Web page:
Frequent Flyer Miles Are Harder to Use

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A little more than 40 years ago, the federal government deregulated airlines and the competition for passengers began. In order to attract customers, the airlines created frequent flyer loyalty programs.

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These programs were a big hit at first and redeeming miles for attractive flights to take vacations was easy with plenty of flights available. But times have changed, and it's gotten much harder to cash in those unredeemed frequent flyer miles that passengers have accumulated over the years.

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Here's why redeeming frequent flyer miles has gotten more difficult and what you can do about it to get more value.

Harder to Redeem Frequent Flyer Miles

At the beginning of the COVID-19 pandemic, federal and local governments shut down schools and businesses. As a result, airline traffic dropped drastically. These lockdowns forced the airlines to cut back the number of flights and, in many cases, eliminate some routes completely.

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With the effects of the pandemic waning, consumers are now traveling more and booking flights. Consequently, airlines are taking advantage of this pent-up demand by increasing ticket prices. They no longer have any interest in redeeming frequent flyer miles for free flights because their planes are full of revenue-paying passengers, who are paying top dollar for their seats.

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In addition, the airlines have increased the number of miles needed to pay for a flight. Since frequent flyer programs are not regulated by any state or federal agency, airlines can redeem miles for any value they want. They're also making fewer flights available for redemption with miles and fewer opportunities for upgrades to first class or business class seats.

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As a result, with the increase in demand for air travel, the difficulty in redeeming frequent flyer miles is not expected to get better any time soon.

Getting More Value for Your Miles

If you have a high balance of unused airline miles, here are a few ideas on the best ways to redeem them and get the best value.

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Use miles before they expire​ - Although most airlines suspended mileage expirations during the pandemic, they may be reinstated. Currently, miles with United Airlines, Southwest, JetBlue and Delta Air Lines do not have expiration dates at all. If you don't have any activity for 18 months, your miles with Air Canada, American Airlines and Hawaiian Airlines will disappear. Miles with Alaska Airlines will disappear with no account activity in 24 months.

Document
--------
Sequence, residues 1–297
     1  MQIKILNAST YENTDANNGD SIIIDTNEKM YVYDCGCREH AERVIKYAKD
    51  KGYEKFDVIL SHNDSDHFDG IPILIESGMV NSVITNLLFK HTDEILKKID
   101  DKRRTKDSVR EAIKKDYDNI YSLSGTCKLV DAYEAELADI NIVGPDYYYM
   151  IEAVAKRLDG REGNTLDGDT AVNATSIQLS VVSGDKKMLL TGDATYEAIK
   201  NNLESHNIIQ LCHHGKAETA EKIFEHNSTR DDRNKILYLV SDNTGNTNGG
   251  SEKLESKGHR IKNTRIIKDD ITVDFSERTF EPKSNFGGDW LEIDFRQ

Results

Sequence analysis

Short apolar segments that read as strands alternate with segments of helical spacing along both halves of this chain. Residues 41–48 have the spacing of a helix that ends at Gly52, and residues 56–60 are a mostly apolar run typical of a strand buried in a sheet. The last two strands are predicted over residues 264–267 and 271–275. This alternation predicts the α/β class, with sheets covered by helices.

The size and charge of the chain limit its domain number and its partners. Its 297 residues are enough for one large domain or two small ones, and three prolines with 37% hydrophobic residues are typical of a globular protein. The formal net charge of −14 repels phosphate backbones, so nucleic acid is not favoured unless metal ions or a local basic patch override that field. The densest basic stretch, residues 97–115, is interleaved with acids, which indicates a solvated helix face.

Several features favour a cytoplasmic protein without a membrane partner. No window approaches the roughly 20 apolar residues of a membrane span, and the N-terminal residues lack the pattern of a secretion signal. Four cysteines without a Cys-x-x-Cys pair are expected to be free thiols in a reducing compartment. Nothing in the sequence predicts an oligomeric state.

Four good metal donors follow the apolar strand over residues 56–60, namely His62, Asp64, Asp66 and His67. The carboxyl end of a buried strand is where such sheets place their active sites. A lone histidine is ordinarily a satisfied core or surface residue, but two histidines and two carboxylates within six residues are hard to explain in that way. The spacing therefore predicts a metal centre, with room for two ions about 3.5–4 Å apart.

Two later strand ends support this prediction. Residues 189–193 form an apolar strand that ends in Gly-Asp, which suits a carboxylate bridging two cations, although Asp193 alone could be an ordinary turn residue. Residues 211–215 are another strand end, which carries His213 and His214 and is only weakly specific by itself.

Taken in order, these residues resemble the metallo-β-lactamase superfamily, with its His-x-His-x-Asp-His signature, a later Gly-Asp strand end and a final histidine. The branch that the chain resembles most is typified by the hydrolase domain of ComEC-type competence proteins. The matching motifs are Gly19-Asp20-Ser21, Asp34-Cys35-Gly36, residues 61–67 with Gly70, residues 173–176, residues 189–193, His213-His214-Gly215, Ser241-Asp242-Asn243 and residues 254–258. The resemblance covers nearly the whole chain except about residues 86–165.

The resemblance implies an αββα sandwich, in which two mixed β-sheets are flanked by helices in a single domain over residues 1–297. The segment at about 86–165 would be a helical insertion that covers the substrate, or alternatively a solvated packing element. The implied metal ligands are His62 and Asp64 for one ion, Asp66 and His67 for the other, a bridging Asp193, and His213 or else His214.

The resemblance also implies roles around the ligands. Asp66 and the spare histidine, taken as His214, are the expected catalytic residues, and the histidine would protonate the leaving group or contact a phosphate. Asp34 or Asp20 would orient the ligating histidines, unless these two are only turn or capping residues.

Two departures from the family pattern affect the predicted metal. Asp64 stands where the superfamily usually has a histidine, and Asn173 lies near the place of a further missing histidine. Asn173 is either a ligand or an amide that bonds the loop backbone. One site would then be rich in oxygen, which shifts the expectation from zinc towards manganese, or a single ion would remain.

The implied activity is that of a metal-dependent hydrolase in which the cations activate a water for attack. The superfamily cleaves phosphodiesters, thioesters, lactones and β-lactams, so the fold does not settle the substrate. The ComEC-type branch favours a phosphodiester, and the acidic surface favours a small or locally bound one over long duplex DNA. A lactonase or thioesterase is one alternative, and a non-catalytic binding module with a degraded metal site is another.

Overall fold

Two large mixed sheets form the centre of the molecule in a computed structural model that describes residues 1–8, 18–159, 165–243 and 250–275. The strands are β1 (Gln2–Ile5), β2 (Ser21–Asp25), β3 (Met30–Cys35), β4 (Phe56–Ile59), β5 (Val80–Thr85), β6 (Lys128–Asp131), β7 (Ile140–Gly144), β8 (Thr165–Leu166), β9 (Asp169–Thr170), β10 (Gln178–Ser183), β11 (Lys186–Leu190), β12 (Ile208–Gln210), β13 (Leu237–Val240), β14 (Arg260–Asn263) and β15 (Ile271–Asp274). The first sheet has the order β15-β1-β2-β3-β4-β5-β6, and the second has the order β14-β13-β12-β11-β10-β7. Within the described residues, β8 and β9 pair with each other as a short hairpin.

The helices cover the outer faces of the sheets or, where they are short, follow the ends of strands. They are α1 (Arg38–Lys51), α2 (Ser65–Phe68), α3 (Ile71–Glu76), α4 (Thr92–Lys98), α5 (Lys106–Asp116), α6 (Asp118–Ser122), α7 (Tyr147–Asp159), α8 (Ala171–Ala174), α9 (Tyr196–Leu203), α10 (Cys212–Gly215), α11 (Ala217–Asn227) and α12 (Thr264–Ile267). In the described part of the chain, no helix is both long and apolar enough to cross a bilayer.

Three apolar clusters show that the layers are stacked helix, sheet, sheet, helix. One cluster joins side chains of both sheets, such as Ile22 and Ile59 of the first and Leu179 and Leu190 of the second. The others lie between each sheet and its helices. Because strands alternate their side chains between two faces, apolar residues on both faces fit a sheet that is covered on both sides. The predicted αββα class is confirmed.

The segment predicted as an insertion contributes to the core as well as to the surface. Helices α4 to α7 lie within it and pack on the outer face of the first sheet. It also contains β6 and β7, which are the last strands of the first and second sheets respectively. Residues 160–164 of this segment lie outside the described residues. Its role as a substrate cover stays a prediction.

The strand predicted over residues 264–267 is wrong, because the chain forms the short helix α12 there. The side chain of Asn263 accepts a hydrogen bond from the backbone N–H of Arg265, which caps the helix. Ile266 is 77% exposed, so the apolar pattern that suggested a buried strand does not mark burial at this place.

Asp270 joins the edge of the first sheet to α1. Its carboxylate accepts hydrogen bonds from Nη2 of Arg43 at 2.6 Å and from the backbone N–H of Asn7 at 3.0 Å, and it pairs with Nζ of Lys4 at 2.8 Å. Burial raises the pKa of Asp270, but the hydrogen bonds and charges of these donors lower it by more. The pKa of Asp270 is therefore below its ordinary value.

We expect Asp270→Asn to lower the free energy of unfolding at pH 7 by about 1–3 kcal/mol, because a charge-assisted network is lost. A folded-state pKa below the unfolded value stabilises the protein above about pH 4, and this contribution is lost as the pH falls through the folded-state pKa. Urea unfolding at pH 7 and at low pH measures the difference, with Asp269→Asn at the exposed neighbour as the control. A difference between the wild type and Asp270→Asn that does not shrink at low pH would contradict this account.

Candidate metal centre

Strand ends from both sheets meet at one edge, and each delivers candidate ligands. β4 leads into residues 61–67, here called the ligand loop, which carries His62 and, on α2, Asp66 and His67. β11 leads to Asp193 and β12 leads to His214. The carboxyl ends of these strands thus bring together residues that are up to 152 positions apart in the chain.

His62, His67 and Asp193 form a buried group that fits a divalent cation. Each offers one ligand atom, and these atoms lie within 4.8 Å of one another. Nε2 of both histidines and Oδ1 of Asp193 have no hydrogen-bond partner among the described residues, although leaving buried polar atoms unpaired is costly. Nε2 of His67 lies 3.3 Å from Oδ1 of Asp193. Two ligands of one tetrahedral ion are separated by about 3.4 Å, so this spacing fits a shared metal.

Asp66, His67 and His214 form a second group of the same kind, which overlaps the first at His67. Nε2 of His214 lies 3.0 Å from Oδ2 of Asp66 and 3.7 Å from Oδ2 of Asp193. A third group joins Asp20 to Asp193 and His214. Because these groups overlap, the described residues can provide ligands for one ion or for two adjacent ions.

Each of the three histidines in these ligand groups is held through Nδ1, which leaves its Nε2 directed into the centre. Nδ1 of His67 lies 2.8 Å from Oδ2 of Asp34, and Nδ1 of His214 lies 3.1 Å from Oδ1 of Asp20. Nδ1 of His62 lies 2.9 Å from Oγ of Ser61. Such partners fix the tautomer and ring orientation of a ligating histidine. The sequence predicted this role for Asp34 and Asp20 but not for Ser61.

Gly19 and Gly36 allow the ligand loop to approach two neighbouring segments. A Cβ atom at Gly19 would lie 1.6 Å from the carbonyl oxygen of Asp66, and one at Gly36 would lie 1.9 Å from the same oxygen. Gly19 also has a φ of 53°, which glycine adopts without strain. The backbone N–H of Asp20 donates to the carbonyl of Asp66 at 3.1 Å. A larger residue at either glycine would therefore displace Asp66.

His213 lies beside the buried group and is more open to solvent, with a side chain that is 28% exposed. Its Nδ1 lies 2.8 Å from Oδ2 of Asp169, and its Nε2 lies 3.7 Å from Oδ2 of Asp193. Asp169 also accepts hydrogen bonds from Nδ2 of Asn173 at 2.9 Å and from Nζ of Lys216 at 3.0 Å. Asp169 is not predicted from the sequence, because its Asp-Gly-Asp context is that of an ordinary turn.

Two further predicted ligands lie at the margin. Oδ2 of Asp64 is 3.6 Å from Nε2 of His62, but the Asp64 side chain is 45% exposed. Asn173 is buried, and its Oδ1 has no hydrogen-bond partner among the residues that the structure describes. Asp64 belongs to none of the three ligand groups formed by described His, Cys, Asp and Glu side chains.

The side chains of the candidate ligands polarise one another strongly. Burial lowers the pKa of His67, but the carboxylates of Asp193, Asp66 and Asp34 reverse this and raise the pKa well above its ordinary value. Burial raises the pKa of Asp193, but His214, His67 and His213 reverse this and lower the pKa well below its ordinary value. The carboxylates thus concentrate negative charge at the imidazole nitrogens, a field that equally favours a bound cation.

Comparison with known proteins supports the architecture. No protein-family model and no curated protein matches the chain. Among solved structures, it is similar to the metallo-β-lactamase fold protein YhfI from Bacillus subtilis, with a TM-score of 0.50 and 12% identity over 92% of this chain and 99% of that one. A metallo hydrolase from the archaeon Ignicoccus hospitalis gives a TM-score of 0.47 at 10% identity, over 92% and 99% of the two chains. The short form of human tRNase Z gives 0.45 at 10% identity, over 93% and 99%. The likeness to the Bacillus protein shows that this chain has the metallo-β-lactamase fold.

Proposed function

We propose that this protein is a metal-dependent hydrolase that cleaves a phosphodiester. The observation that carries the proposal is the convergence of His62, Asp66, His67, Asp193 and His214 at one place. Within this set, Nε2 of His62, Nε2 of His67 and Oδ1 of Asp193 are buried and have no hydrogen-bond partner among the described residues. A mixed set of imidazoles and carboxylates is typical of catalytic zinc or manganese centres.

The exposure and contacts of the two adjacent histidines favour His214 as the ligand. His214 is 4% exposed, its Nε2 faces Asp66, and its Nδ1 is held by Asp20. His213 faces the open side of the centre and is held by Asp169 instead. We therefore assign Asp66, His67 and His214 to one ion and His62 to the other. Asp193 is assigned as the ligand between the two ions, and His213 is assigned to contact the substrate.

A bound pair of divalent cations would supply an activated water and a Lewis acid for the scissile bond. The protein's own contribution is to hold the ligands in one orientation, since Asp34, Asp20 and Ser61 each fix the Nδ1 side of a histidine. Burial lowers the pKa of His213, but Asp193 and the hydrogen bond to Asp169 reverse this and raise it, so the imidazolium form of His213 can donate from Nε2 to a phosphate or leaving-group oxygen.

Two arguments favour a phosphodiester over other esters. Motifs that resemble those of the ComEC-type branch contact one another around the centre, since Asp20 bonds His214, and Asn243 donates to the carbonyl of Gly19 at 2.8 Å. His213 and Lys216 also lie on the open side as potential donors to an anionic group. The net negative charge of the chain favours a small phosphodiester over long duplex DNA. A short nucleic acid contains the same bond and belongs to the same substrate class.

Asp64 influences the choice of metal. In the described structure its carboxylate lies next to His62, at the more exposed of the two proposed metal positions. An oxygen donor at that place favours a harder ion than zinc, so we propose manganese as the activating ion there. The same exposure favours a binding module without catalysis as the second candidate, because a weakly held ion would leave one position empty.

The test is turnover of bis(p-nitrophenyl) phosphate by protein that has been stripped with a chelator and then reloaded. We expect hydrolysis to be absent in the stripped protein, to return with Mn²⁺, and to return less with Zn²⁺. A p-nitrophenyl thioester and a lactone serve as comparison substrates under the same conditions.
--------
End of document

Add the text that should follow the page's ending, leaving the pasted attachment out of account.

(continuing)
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A simple way to extend the expiration date on all your miles is to make a purchase with the airline's credit card or transfer a few miles to another member's account. These steps would be enough to classify as activity in your miles account.

Redeeming frequent flyer miles has gotten harder because airlines would rather have passengers paying high ticket prices than giving away free seats.

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Time your travel plans​ - Wait until after Sept. 15 when the kids are back in school and the number of people flying has dropped. Airlines may make more flights available for frequent flyer miles. This might also be a good time for you and your spouse to take that long-awaited trip to New York, Europe, Hawaii or Australia.

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Plan further in advance​ - Start looking for flights available as much as 330 days in advance. If your travel plans are flexible, you'll have more opportunities to find open flights.

Search airlines' partner websites -​ Airline websites are not particularly good at posting flights available for award tickets, especially on alliance partner airlines. For example, you cannot go through the Alaska Airlines website to find and book a flight on Cathay Pacific, a Oneworld airline partner with Alaska. But you could use the British Airways site, also a Oneworld partner, to search for flights and then book your Cathay Pacific flight by calling a representative with Alaska Airlines.

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On the other hand, you can use the Delta Air Lines website to search for SkyTeam awards on Air France, KLM and Korean Air. The United Air Lines website also has good information on available flights with its partners in the Star Alliance.

The bottom line is that you need persistence and a little creativity when planning your trips by searching partner airlines and having flexible travel plans.

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